Twiga In Yet More Brutal Shakeup To Arrest Mounting Struggles
Kenyan B2B e-commerce scaleup Twiga is navigating challenging macroeconomic conditions by implementing another round of layoffs. The company will lay off 283 employees, constituting 33 percent of its 850-strong workforce, as part of a strategy to create a leaner and more cost-effective organization.
Twiga’s new operational adjustments include eliminating its in-house delivery service, which utilized leased trucks. Instead, the company plans to hire contractors on an as-needed basis. In conjunction with this change, Twiga is launching a logistics marketplace that will connect its delivery services with independent truckers. This approach is expected to reduce logistics costs by 40 percent.
Additionally, the company has shut down 10 distribution centres in Nairobi and consolidated operations in a modern 200,000-square-foot warehouse inaugurated last year. Twiga aims to enhance operating efficiency by centralizing its distribution efforts.
Twiga’s product lineup encompasses the Soko Yetu platform, enabling vendors to purchase from a selection of suppliers, and Twiga Fresh, its flagship fresh-produce venture aimed at addressing traceability challenges, stock shortages, and price fluctuations.
Co-founder and CEO Peter Njonjo emphasized that while these changes are in response to economic shifts, Twiga’s operations are ongoing. The company’s Western Kenya operations continue, and it is actively working on improving efficiency in the region.
Njonjo attributed the adjustments to the changing macroeconomic landscape and customers’ reduced purchasing power. As venture funding becomes more constrained globally, startups are experiencing pressure to optimize their operations for resiliency. Twiga joins the ranks of other African and global startups, including B2B e-commerce platforms like Copia and MarketForce, that are recalibrating their strategies to navigate the evolving investment landscape.
Over the past couple of years, investors have been pouring money into African tech, and one of the most appealing sectors to invest in has been e-commerce businesses using the business-to-business (B2B) model to serve small shops in the last mile. These companies in Africa raised USD 638 M in total in 2022, up more than 124 percent from the previous year, which also witnessed a few mega fundraising, according to Partech data.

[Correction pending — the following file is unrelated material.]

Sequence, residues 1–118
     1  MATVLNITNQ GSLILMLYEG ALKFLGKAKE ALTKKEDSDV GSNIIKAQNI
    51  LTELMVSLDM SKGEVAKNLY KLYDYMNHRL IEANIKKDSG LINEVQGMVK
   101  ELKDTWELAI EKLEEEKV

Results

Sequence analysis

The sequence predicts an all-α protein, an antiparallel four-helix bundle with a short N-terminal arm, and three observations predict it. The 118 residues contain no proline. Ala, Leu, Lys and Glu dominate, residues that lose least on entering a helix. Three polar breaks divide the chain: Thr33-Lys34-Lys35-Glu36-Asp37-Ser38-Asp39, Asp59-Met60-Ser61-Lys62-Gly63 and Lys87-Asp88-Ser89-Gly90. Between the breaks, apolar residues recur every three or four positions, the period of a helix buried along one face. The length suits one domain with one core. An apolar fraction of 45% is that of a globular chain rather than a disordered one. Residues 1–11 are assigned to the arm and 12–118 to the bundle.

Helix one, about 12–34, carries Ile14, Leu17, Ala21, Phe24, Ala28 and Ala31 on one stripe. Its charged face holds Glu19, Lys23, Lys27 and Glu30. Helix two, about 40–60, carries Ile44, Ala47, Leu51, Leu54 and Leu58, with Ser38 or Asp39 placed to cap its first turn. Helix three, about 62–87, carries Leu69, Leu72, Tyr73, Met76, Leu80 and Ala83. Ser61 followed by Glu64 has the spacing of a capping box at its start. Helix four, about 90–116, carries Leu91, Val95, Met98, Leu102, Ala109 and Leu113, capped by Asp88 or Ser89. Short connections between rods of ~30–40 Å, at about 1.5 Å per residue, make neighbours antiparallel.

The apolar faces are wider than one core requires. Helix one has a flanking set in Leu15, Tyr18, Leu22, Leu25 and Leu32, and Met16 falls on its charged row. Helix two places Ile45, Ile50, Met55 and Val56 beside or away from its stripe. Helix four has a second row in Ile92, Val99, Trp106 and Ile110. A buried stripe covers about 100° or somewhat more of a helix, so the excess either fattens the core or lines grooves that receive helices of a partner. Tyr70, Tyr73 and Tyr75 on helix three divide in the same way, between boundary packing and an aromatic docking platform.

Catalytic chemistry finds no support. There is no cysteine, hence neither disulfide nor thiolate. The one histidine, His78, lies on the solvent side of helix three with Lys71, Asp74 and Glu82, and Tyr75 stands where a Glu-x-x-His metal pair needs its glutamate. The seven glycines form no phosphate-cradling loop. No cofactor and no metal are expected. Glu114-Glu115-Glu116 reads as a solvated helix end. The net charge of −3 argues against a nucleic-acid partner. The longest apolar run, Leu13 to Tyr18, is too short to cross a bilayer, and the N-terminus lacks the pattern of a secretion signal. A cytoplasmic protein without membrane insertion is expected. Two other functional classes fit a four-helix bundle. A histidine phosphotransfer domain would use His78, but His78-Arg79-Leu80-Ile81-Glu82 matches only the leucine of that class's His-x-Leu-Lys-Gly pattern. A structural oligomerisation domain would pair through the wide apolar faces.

However, despite the capital glut, B2B e-commerce companies have been forced to scale back due to new, grim funding realities and difficulties in the markets they service. Twiga, along with other well-known businesses like MarketForce, Alerzo, and Copia, has resorted to drastically cutting back, which has led to the discontinuation of some operations and layoffs that have affected hundreds of jobs.
Previously, Twiga carried out a downsizing effort last November that affected 21 percent of its workforce at that time. This resulted in the departure of approximately 211 employees and the discontinuation of its sales team. Fast forward to June 2023, the company officially acknowledged these layoffs. However, it contended that the sales team had not been laid off but rather transformed into “free agents.”
Citing the prevailing challenging business landscape, Twiga attributed the subsequent round of layoffs to the need for adaptation. CEO Njonjo explained that the company had been actively engaged in a transformative process over recent months, with the aim of streamlining operations and cultivating a leaner, more adaptable, and cost-effective organizational structure. These efforts were undertaken to enable the company to navigate and endure the complexities of the current economic climate.
The ramifications of the latest wave of layoffs will extend to employees across Twiga’s various operations in East Africa. The company assured that it will adhere to relevant labour regulations in ensuring proper compensation for the affected individuals.